Molecules that have chiral symmetry or handedness cannot be superimposed onto their mirror image, and this has far reaching effects in many areas of science. For example, rod-like, non-chiral molecules can form a "nematic" liquid-crystal phase that has long-range order. However, if a few atoms in the molecule are rearranged to make it chiral, this nematic phase can transform into a "cholesteric" phase that has very different physical properties.

Dogic and co-workers began by isolating flagellar filaments from Salmonella typhimurium, which they then labelled using a fluorescent dye. Bacteria use flagellar filaments - macromolecular structures that are made up of a single protein called flagellin - to "swim" and find food. The US team then suspended the filaments in aqueous solution.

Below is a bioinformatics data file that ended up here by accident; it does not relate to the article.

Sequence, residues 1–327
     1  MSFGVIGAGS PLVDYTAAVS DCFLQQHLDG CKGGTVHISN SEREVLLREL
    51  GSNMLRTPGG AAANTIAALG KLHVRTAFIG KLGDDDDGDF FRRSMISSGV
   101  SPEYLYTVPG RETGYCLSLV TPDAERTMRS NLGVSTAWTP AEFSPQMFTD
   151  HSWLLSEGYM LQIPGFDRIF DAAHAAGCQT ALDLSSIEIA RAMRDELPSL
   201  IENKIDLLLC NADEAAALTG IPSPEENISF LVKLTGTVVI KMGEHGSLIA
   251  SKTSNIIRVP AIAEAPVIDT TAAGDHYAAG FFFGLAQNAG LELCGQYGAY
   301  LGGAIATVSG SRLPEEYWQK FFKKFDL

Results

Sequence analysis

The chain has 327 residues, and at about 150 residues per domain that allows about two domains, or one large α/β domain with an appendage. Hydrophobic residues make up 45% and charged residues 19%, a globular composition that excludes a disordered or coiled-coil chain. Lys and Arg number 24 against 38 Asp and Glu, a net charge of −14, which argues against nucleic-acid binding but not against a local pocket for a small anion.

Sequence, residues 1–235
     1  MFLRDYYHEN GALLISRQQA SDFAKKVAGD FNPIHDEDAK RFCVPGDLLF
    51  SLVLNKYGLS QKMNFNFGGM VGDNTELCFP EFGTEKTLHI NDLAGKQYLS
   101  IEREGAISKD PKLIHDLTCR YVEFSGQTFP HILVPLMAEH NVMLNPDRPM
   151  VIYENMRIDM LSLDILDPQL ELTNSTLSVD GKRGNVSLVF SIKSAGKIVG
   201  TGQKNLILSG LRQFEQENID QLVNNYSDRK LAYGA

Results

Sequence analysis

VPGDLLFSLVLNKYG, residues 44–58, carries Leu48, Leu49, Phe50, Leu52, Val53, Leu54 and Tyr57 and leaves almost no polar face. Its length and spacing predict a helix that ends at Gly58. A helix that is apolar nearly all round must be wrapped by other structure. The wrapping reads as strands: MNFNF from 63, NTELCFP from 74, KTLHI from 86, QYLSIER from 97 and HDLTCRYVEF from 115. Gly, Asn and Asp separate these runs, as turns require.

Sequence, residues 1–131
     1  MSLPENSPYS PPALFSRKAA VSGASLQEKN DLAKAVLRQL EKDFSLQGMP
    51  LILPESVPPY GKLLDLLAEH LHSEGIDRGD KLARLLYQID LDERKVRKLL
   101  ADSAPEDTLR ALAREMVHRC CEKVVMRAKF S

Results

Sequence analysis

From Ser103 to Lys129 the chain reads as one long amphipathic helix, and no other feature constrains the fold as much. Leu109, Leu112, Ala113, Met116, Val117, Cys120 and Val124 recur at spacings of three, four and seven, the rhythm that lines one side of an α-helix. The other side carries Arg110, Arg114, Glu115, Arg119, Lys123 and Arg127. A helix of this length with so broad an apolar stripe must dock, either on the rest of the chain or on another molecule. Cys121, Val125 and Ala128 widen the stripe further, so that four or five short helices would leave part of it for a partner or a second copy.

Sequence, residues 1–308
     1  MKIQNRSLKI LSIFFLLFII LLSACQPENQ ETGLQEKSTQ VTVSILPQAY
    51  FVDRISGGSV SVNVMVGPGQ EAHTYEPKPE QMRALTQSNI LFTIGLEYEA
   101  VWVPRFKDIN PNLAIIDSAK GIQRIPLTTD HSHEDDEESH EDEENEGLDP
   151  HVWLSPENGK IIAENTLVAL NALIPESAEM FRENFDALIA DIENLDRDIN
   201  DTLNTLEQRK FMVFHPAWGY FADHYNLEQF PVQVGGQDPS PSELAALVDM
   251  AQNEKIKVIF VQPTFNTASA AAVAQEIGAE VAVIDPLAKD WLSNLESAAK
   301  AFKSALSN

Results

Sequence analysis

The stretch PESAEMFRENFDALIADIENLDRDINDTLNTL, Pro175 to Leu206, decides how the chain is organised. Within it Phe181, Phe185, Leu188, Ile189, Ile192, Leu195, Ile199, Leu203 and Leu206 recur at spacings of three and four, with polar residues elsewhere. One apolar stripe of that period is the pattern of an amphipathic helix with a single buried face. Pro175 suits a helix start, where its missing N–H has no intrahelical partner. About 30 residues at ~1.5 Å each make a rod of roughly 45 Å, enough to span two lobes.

The shape of the filament can be precisely controlled because it depends on the amino acid sequence in the flagellin, as well as the temperature and pH of the solution. For instance, the filaments can be changed from achiral rods to highly twisted helices that look like springs. Using a polarisation microscope, Dogic and colleagues found that helical filaments undergo a phase transition to a novel liquid crystalline state in which the flagella become cone-shaped for concentrations above a certain level. In contrast, this phase transition is not seen in experiments with rod-shaped filaments.

The results could also be used to model polymers: "Nature is very good at making structures with well-defined symmetry," says Dogic. "We realised that we could use our purified flagella as 'ideal polymers' to test long-standing predictions of how the packing of chiral helices is different from that of achiral rods. There are no synthetic polymers that would permit us to do such experiments."